Review by J Hunter
Photographs by Timothy Reidy
A JazzApril story
In our last episode, drummer Clifford Barbaro revealed his former bandleader Sun Ra’s description of his legendary Arkestra (“This is not a jazz band! This is an avant-garde band!”), after which Barbaro looked at us in total consternation and said, “What’s ‘avant-garde?’” Clifford, wherever you are, I think I found your answer.
Ladies and gendarmes, I give you the Peter Evans Quintet, a unit that has been making (in the words of its trumpet-playing leader) “weird noises” since 2009. The band is described as “an adventurous jazz quintet for the 21st century,” and their music is purported to present “traditional idioms contorted by real-time computer processing and performed with pinpoint accuracy.” That’s marketing, baby! What’s more, the pieces performed at EMPAC last Friday night had only been performed in Europe since the Jerome Foundation and Roulette Intermedium commissioned them in 2011. “So it’s good to play this music on home turf,” trumpeter-composer Peter Evans told us.
My reaction? “What’d we ever do to YOU?”
The array of gongs on stage left – three big gongs and two rows of small gongs, plus two gongs on the floor that I didn’t even notice until percussionist Jim Black got on his knees to play them during the über-space jam “Make It So” – told me this was going to be an interesting evening before I’d even sat down. There were two pianos on stage right: One of them hidden by a screen, the other separated from Black’s drum station by a glass sound wall. One look at the massive Taiko-style drum next to the traditional kit explained the sound wall. This music was going to be far from polite, and explosions were going to be involved. That’s the kind of combination I like in a Quentin Tarantino film; when it comes to music, I prefer to keep the hostility to a minimum.
The evening opened quietly but weirdly with “Twelve (for Evan Parker).” As Evans, bassist Tom Blancarte, and electronics expert Sam Pluta played softly on the big gongs, Black worked through complex figures on his kit while pianist Ron Stabinsky plucked and hammered on the strings of the hidden piano. The eastern chord progressions put the piece in an Asian space, but that got literally blown away as Evans picked up his trumpet and started blasting rapid-fire figures into the clear while Pluta warped, distorted and looped the sound into blasts of static, hiss and spit that ricocheted around the acoustically perfect space.
When the rest of the band came down on Evans’ primary figure, they hit it like it had stolen their van. Blancarte “bowed” his stand-up electric bass with what looked like a drumstick while Evans worked what was essentially a “live loop” and Stabinsky played all angles except the expected ones… and just when you thought things weren’t loud enough and powerful enough, Black signaled for double time and the band went into warp. Pluta’s shoulders bobbed and shook as he sat at his laptop, making the effects pulse, beep and bubble like boiling liquid. The piece careened on – with Black doing major damage to his big-ass drum and Evans becoming almost inaudible over Pluta’s effects – until the proceedings slowed down like a giant robot running out of gas, and then simply stopped.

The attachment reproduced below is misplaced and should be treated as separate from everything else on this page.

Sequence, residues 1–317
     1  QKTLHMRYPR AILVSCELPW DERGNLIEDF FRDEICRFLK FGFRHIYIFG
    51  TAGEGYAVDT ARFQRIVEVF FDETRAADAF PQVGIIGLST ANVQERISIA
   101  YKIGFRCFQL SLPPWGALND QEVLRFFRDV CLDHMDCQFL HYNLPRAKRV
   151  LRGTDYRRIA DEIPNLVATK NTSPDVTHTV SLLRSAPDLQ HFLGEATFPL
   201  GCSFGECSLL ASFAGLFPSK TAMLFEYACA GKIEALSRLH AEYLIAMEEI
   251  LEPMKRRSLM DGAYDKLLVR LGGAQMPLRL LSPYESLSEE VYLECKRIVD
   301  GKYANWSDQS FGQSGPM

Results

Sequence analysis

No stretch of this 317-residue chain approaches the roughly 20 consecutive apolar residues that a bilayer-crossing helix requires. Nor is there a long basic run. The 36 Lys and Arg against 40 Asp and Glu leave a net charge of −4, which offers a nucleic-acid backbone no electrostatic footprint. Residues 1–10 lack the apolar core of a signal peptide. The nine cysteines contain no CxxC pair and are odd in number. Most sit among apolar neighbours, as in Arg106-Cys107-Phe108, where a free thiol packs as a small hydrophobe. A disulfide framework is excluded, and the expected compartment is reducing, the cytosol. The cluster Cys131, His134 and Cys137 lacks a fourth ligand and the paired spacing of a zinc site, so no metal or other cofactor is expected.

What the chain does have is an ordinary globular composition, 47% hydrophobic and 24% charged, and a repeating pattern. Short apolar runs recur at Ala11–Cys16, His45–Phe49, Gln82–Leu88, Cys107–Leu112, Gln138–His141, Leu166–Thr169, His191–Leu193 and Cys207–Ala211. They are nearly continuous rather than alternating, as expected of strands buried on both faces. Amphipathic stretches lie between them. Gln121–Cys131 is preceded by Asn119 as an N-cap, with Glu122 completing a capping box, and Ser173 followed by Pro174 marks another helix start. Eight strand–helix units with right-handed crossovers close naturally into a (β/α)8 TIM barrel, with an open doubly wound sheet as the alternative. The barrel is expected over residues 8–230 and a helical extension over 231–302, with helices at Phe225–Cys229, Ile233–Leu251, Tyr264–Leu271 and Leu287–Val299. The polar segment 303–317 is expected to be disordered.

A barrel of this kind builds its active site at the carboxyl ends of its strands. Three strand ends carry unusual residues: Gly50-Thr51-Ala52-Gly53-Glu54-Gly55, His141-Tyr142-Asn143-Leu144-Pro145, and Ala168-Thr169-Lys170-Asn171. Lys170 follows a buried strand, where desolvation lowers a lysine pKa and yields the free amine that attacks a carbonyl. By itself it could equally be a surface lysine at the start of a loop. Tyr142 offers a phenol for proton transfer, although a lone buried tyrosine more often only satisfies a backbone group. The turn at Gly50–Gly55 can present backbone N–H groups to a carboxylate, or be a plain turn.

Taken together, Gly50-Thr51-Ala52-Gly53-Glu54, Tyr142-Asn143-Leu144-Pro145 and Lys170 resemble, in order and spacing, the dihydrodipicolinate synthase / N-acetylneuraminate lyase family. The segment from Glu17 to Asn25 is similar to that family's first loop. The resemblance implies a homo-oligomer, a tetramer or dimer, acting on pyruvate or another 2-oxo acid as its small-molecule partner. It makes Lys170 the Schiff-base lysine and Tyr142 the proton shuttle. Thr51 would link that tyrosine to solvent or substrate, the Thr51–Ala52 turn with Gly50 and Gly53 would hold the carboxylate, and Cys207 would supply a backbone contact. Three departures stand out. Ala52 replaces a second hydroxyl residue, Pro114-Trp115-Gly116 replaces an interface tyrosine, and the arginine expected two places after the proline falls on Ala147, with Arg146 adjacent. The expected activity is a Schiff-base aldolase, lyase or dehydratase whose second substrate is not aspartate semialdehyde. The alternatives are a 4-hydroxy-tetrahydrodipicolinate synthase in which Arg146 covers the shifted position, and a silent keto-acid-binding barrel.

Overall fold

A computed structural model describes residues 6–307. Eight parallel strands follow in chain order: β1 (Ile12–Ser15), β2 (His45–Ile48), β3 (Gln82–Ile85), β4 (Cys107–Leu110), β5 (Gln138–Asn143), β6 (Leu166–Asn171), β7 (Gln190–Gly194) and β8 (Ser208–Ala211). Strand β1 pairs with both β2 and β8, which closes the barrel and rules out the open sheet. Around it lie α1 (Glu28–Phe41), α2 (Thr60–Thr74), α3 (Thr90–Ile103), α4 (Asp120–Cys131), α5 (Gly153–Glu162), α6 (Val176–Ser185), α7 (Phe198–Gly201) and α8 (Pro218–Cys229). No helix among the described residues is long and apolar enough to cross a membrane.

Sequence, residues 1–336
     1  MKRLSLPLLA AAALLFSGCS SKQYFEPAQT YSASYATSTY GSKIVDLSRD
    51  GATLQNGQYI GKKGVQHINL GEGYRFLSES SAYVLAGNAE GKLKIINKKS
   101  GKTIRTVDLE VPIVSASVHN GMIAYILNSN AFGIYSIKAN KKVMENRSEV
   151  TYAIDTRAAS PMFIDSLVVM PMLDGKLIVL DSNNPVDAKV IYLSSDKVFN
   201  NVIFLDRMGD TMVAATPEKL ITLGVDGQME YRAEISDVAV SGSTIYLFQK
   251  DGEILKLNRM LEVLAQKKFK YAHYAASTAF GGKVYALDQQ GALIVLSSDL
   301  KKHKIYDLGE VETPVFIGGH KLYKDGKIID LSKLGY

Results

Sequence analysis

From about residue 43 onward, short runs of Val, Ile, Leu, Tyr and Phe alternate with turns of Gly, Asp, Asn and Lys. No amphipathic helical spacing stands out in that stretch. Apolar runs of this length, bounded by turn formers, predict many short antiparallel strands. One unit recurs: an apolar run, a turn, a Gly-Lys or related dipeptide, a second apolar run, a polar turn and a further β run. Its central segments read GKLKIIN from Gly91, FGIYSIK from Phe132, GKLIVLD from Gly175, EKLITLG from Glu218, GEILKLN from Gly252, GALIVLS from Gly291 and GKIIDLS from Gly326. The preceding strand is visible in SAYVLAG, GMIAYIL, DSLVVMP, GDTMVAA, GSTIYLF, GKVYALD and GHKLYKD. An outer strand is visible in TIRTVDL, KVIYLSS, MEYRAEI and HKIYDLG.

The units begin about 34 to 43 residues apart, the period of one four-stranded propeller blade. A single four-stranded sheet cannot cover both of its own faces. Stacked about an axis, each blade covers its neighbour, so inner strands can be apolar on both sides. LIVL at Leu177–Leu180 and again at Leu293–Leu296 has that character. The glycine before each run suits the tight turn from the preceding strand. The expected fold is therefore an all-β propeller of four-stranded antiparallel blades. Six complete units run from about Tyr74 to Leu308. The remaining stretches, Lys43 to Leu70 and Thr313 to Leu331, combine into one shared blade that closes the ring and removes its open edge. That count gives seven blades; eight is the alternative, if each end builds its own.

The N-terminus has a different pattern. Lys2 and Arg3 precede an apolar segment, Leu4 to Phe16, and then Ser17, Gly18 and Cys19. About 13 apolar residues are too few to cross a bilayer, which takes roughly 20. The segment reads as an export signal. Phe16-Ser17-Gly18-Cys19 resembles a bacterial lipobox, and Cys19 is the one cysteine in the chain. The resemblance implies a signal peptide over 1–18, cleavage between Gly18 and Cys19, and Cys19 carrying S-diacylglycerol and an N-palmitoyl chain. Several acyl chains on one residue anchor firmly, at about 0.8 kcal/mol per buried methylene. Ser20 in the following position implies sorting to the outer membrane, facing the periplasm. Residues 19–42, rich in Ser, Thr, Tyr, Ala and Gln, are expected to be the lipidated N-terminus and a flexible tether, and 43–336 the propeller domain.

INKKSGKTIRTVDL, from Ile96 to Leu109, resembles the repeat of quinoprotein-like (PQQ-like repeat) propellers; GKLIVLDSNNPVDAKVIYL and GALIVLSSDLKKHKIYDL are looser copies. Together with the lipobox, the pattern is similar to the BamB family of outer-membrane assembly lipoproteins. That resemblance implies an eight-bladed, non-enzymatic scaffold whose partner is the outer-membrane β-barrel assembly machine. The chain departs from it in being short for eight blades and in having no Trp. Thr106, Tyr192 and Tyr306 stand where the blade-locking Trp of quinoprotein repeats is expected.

“Twelve” had a real chip on its shoulder, like a precocious teenage boy desperate to prove himself. But the rage that drove it was nothing compared to the literal violence in the aural death match “For Gary Rydstrom and Ben Burtt/Make It So.” Although the first piece started relatively softly, with Evans’ horn hissing and squealing like a lone animal howling on a plain, there were points where it felt like the group was trying to tear our heads off with a series of crashing, dissonant chords that only paused to make us lower our guards. There were moments in “Make It So” that brought me back to the “Space” portion of Grateful Dead shows; however, during those shows, you knew Jerry & Bobby would bring the band back to earth with “The Wheel” or “Fire on the Mountain,” and there was no sense that the Evans Quintet was ever going to visit this star system again.
To be fair, this performance dovetailed with the overall mission of EMPAC, which has fearlessly challenged the boundaries of performance and art since the big green cube opened its doors in 2008. Evans’ compositions need you to be completely open to the environments they create, and if you don’t go with the myriad ebbs and flows of their riptide-like currents, you will drown. I can see how the earnestness of it all would impress some of the students in the half-filled house. Before the show I caught snatches of conversations dissecting the music of Nick Drake, and debating how imagination and inspiration were linked. With the right kind of outlook, it’s possible to see what Evans and his cohorts are trying to accomplish and to experience the relative beauty in their results; then again, I might have been undergoing a musical form of Stockholm Syndrome.
In a way, this performance should have impressed me, as I’ve been telling anyone who’ll listen that I’ve grown very tired of “polite jazz.” And that would have applied to this situation if what the Evans Quintet played was, indeed, jazz. Certainly there were elements that can be traced back to experimental groups like Art Ensemble of Chicago, Max Roach’s M’Boom and the World Saxophone Quartet. But at the end of the day, the Peter Evans Quintet was less interested in making music and (like the precocious teenager) more interested in making noise. However brilliant it might have been, this performance made me want to jump up and paraphrase David Bowie in the loudest scream I could muster: “This ain’t JAZZ! This is… GENOCIDE!”